After watching the wonderful Hellraiser we all took a seat and chatted with the following guys all involved in Hellraiser and it’s legacy:
Chris Griffiths- Co Director and editor of Leviathan (documentary about Hellraiser).
Cliff Wallace – Make up effects technician for Hellraiser 1 and 2.
Gary Smart – Leviathan writer and producer.
Paul Kane – Wrote ‘Hellraiser Films and their Legacy”.
I had a terrible realization today which is that Hellraiser is now as old as Hammer horror was when Hellraiser came out. So we are still watching it, why is that?
Cliff Wallace: We must have done something right. Watching that though (Hellraiser) I don’t know what that was. (Laugh) I think it’s the mythology of the Cenobites which is really the key to the longevity of it. Also the fact that at the time it was quite different to the horror movies that were around.
Gary Smart: Yeah, it’s more than just a horror film. You’ve got the love story and triangle which was completely different from the Freddy’s and Jason’s. Thanks to Cliff here the effects still hold up today. The effects which still can scare people and the images of the Cenobites. Obviously that’s testament to the guys like Cliff who created those images and creations.
Paul Kane: Yeah there was nothing like it at the time. You got your Freddy’s, you got your Michael Myers and along came Pinhead. I think he just blew everyone away. He’s not on that long really. He’s on for about five minutes. It was just that look and it was unique.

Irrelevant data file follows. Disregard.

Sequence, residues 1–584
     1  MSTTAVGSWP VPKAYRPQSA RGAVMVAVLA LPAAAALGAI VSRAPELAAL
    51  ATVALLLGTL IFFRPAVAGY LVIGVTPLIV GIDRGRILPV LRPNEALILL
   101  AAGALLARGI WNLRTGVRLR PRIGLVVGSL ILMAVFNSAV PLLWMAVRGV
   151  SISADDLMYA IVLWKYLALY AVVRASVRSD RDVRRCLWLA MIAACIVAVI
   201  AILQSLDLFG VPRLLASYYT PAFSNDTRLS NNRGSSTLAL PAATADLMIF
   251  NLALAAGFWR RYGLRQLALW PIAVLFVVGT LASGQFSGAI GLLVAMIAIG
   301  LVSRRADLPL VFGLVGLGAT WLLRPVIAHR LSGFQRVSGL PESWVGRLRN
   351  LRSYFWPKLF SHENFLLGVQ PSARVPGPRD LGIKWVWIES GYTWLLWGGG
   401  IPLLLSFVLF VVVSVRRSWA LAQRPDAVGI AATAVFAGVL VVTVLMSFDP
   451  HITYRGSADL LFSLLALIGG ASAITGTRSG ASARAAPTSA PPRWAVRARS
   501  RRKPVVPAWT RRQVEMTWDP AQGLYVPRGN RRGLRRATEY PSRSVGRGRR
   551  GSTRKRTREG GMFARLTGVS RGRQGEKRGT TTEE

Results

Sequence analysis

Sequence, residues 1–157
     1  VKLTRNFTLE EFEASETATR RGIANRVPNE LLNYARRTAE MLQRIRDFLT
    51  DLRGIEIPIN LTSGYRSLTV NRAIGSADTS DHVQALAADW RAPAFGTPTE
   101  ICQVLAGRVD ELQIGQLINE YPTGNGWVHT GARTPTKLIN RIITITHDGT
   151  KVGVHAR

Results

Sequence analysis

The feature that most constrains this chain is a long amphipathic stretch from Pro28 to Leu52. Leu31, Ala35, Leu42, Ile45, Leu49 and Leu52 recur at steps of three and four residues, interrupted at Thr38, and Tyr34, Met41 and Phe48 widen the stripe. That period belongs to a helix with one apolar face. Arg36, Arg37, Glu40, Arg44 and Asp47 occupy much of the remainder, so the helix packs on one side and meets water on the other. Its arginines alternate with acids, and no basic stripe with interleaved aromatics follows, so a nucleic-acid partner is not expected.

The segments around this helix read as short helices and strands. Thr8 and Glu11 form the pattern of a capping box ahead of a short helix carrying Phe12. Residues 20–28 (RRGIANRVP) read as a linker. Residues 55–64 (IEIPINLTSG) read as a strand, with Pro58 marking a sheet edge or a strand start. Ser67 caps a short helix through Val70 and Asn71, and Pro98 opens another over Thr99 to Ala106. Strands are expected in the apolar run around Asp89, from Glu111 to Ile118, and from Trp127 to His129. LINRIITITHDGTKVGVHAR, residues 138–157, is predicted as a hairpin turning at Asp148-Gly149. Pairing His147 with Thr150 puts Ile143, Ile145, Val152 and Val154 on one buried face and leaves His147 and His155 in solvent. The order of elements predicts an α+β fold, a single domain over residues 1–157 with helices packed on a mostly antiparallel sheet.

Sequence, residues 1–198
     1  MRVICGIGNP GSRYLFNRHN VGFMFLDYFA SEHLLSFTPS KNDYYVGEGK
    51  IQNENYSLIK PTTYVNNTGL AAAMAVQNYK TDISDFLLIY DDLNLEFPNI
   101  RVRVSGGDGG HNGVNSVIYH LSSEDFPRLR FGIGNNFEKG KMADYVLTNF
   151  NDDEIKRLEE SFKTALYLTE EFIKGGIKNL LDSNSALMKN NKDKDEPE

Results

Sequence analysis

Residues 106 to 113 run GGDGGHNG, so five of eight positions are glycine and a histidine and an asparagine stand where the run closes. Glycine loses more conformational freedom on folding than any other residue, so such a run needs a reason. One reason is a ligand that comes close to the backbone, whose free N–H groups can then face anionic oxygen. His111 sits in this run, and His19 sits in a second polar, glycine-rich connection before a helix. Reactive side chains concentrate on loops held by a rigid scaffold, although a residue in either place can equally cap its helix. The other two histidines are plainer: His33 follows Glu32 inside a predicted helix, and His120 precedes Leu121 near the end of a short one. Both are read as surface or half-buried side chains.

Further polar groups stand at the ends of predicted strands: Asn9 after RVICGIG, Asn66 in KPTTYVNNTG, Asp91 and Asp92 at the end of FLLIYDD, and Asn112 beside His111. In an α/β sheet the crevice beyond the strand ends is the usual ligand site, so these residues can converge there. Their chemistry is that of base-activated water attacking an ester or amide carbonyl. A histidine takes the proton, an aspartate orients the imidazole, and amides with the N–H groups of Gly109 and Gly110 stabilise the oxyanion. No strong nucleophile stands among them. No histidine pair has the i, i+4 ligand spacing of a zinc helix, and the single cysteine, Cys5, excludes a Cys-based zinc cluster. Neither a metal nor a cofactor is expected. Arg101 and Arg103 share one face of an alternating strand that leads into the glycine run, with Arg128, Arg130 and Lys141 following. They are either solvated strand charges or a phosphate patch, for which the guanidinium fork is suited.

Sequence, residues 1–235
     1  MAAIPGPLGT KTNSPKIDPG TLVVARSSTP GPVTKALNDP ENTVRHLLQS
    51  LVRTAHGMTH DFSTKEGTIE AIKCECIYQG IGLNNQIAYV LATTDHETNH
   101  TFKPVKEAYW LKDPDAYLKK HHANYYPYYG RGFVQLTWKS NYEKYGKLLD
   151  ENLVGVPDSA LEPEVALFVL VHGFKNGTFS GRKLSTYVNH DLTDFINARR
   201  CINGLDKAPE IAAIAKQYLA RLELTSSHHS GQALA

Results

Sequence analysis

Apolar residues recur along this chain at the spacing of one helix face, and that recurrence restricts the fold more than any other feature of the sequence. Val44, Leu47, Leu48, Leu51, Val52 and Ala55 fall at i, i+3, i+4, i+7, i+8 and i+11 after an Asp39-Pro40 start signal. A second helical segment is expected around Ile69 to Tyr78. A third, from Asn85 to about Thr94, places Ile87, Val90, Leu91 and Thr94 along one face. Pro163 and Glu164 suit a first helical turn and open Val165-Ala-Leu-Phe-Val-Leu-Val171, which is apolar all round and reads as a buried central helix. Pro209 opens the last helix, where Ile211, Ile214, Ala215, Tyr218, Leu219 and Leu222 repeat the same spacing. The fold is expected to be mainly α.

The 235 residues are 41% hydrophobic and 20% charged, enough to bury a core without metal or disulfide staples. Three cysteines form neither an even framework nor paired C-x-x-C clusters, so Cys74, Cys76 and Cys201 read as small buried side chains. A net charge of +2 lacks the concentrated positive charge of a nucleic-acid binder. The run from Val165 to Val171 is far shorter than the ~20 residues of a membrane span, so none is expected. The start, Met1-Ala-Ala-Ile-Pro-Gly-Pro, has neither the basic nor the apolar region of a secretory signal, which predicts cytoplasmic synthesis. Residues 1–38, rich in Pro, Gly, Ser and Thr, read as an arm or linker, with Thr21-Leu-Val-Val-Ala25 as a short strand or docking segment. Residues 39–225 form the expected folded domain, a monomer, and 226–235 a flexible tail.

How many times have you all seen it at this point?
Cliff Wallace: I haven’t seen it for two years and before that was about twenty years ago.
What about you guys who made the documentary?
CG: A couple of times. I’m glad we had some time between editing and watching it now. I haven’t really seen Hellraiser that many times before doing the documentary. If I can be absolutely candid about the film which really is a testament to it is that growing up with horror (I mean I saw Texas Chainsaw Massacre when I was five). I remember finding Hellraiser when it came out on DVD and I was about 12 at the time. I remember being so disappointed when seeing the film. I mean the cover was a bit misleading. I had seen Pinhead next to Jason and Freddy and when Pinhead is only in it for five minutes you are like “wow I got short changed”.
If you weren’t a Hellraiser fan how do you come to making a documentary about it?
CG: Gary’s fault. I hadn’t seen it for years and when I picked up the boxset and watched it, I think being older and wiser I realised “Shit it’s actually a really good film”. With such a strong story. Also I know number two has lovers and haters but I really enjoyed number two. They all flow well as a story, they all are really lavish in their visuals and music.
I think less is definitely more with Pinhead, only in the third one is it the Pinhead show. What are your thoughts about how the franchise carried on?
PK: Well it carried on and on and on. (Laugh) What is it nine now? I just think there is so much scope in Hellraiser. Clive kick started it off with the original. With such a broad scope you could go anywhere with it. With so many puzzle boxes its just a massive mythology.
There is a lot of contention for the sequels, how do you feel the later films fit in with the canon?